o Technology Assistance Program (TAP): Administered by the Virginia Department for the Deaf and Hard of Hearing (VDDHH), TAP provides telecommunications equipment to qualified applicants whose disabilities prevent them from using a standard telephone. Available assistive devices include text telephones (TTYs), amplified telephones, VCO phones, HCO phones, CapTel phones, signalers for the phone and door; and more. For more information, please visit www.vddhh.org/tapabout.htm or call 1-800-552-7917 (voice/TTY).
o TAP for Veterans: If you are a veteran living with hearing or speech loss, our no-cost Veterans’ Program can provide you with all the equipment you need to stay connected through the telephone. To qualify, you must be deaf, hard of hearing, or have difficulty speaking and provide proof of honorable discharge. For more information on all TAP services, visit www.vddhh.org or call 1-800-552-7917 (voice/TTY).
o iCanConnect Virginia: Administered by VDDHH in cooperation with the Department for the Blind and Vision Impaired, iCanConnect Virginia provides no-cost communications technology, along with installation, training and support, to low-income, DeafBlind Virginia residents. For more information, please visit www.icanconnectvirginia.org.
If you or a loved one has difficulty hearing or speaking over the phone, there are many services and varieties of equipment available to keep you connected. For more information about Virginia Relay or to apply for no-cost equipment, please visit www.varelay.org or call 1-800-552-7917 (voice/TTY) or e-mail firstname.lastname@example.org.
Through the Virginia Department of Motor Vehicles’ (DMV) new testing system called SecuriTest, customers can complete knowledge exams in 16 different languages, now including American Sign Language (ASL).
Beginning last fall, SecuriTest replaced the agency’s 20-year old testing system. The web-based application reduces the need for translators to assist customers in the testing process. DMV and the Virginia Department for the Deaf and Hard of Hearing (VDDHH) collaborated to begin offering DMV tests in ASL this month. A native ASL signer, who is a former teacher of the Deaf, translated more than 1,100 test questions for DMV’s driver’s license, motorcycle license, and commercial driver’s license (CDL) exams. For many individuals who are deaf or hard of hearing, ASL is their first language, so offering DMV tests in ASL, as opposed to just reading the questions, allows them to receive the information in the language they prefer.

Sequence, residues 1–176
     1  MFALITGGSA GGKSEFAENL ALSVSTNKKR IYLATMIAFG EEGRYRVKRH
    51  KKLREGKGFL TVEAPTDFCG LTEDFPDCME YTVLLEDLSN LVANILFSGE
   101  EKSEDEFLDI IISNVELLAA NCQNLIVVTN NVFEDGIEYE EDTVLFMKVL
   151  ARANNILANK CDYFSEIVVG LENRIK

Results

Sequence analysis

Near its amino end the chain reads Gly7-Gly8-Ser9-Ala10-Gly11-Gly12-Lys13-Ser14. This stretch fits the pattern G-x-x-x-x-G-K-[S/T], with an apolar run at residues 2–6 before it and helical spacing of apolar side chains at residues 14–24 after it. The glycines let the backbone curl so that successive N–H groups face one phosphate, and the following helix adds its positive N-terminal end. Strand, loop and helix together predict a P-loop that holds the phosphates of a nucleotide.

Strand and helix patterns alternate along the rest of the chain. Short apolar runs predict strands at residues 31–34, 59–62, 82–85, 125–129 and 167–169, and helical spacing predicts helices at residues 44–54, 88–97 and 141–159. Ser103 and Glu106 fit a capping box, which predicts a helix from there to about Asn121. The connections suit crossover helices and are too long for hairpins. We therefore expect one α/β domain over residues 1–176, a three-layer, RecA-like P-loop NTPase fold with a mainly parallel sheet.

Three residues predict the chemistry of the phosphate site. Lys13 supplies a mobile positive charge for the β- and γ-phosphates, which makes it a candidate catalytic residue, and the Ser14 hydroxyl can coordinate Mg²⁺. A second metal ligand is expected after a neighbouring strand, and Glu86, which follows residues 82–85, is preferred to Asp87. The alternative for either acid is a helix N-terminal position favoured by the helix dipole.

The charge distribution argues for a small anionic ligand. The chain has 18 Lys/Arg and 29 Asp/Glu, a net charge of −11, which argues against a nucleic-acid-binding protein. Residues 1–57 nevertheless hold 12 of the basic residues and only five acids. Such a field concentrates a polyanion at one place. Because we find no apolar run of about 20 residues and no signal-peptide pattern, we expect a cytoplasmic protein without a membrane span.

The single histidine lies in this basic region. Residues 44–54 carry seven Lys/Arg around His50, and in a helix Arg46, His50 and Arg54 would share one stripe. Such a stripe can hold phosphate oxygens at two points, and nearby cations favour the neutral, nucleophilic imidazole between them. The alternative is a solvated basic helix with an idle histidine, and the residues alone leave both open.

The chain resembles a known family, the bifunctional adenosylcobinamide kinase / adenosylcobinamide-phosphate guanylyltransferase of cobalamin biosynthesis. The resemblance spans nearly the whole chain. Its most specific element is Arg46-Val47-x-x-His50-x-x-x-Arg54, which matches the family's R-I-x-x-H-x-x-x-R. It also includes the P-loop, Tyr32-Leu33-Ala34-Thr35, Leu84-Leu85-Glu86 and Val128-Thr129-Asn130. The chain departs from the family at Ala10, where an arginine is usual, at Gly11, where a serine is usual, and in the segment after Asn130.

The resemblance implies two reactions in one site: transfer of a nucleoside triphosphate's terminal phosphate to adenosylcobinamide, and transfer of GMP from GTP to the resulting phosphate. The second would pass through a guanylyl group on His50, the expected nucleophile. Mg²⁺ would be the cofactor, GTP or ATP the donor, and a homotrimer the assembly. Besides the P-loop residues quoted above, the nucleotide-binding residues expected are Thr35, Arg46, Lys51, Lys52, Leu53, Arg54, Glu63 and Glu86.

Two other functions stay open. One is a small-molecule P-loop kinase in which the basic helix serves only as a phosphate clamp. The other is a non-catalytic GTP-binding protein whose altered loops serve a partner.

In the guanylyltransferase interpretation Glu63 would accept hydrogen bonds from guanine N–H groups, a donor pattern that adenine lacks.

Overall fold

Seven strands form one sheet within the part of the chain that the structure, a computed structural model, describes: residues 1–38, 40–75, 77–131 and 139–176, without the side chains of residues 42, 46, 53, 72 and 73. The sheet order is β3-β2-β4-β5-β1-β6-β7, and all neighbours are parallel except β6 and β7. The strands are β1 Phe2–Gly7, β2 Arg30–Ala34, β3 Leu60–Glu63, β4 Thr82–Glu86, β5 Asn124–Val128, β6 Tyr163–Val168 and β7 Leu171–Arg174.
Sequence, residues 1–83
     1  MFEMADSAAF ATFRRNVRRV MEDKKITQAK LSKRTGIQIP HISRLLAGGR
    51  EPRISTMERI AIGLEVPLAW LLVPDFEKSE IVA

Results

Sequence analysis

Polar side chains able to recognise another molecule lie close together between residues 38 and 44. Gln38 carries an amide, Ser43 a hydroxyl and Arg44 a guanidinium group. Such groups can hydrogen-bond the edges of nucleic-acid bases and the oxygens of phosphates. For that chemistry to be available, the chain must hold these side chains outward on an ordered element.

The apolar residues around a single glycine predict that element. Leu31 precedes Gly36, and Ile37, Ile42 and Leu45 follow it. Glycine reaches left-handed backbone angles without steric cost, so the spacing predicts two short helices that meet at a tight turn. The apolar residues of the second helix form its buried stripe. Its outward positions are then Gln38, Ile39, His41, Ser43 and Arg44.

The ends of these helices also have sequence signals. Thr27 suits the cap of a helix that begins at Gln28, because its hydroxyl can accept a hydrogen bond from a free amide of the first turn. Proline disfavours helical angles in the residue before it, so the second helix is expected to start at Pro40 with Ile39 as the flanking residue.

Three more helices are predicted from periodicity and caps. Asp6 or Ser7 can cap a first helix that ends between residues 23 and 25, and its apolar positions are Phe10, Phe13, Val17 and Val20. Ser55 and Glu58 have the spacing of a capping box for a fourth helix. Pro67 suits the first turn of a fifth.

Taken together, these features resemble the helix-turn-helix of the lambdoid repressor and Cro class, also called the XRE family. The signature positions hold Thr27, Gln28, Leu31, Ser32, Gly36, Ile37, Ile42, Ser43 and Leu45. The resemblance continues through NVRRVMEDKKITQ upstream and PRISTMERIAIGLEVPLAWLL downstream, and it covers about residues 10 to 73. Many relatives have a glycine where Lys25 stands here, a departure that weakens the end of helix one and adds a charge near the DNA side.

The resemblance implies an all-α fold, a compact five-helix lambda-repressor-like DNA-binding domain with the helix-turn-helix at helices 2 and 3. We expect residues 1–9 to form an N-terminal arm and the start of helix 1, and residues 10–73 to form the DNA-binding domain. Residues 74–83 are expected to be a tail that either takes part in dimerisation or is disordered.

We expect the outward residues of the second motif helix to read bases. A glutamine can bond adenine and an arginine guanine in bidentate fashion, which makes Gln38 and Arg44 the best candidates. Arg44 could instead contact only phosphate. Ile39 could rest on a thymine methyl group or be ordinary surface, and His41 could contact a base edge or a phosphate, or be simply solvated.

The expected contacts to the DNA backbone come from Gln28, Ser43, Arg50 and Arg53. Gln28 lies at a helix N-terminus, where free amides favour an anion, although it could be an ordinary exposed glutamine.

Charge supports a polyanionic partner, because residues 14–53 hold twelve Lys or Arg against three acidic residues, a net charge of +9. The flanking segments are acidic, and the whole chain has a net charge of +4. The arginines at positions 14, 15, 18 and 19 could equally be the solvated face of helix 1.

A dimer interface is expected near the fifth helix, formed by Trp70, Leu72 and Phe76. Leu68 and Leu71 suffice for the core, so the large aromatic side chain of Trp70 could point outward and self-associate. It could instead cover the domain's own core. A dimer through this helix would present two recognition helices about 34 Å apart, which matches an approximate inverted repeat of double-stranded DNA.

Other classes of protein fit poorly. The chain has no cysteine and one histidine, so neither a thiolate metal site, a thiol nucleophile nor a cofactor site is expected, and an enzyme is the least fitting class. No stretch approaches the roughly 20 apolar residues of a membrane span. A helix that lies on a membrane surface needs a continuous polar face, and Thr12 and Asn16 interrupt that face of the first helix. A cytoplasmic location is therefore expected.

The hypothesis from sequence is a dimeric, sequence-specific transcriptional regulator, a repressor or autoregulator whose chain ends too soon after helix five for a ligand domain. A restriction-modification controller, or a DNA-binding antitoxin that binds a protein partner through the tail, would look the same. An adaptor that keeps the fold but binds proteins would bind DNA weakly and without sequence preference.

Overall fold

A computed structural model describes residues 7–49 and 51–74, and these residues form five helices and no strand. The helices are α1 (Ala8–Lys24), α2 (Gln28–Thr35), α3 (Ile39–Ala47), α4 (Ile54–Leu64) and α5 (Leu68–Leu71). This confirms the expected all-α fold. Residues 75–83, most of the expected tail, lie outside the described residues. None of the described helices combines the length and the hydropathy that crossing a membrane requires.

Before SecuriTest, a customer who wanted to take a test in ASL had to arrange for an interpreter ahead of time through VDDHH’s Interpreter Service Program, which was not typically a same-day service. Now, those customers can walk in to any full service DMV office and take their test in ASL at a touch-screen kiosk; however, customers more comfortable using an ASL interpreter will still have the option of scheduling a qualified sign language interpreter.
“Virginia is one of the first states in the nation to offer DMV automated tests in American Sign Language, and we are so excited to partner with the Department for the Deaf and Hard of Hearing to make this testing option possible,” said DMV Commissioner Richard D. Holcomb. “We want all of our customers to be able to take their knowledge exams in the language in which they are most comfortable, and offering tests in ASL fulfills that goal.”
While statistics from VDDHH show that an average of two people were requesting interpreters to take DMV tests each month, many others may have benefitted from interpreter services to access the test in the appropriate language mode.
“We believe this increases the ease of access for people whose primary form of communication is ASL,” said Ronald Lanier, Director of VDDHH. “Partnering with DMV to offer this service will allow Virginians who are Deaf the same access to the testing process as Virginians who are hearing – the opportunity to walk into DMV on the date and at the time that they choose and take the test, rather than having to schedule the test time based on the availability of a sign language interpreter.”
SecuriTest offers DMV knowledge exams in ASL at all 75 brick and mortar DMV offices. Tests in ASL will be offered on DMV’s five mobile offices in the near future.
*Virginia DMV is now on Skype, providing more on-camera interview opportunities for television stations outside of the Richmond market. Contact Sunni Brown for more information.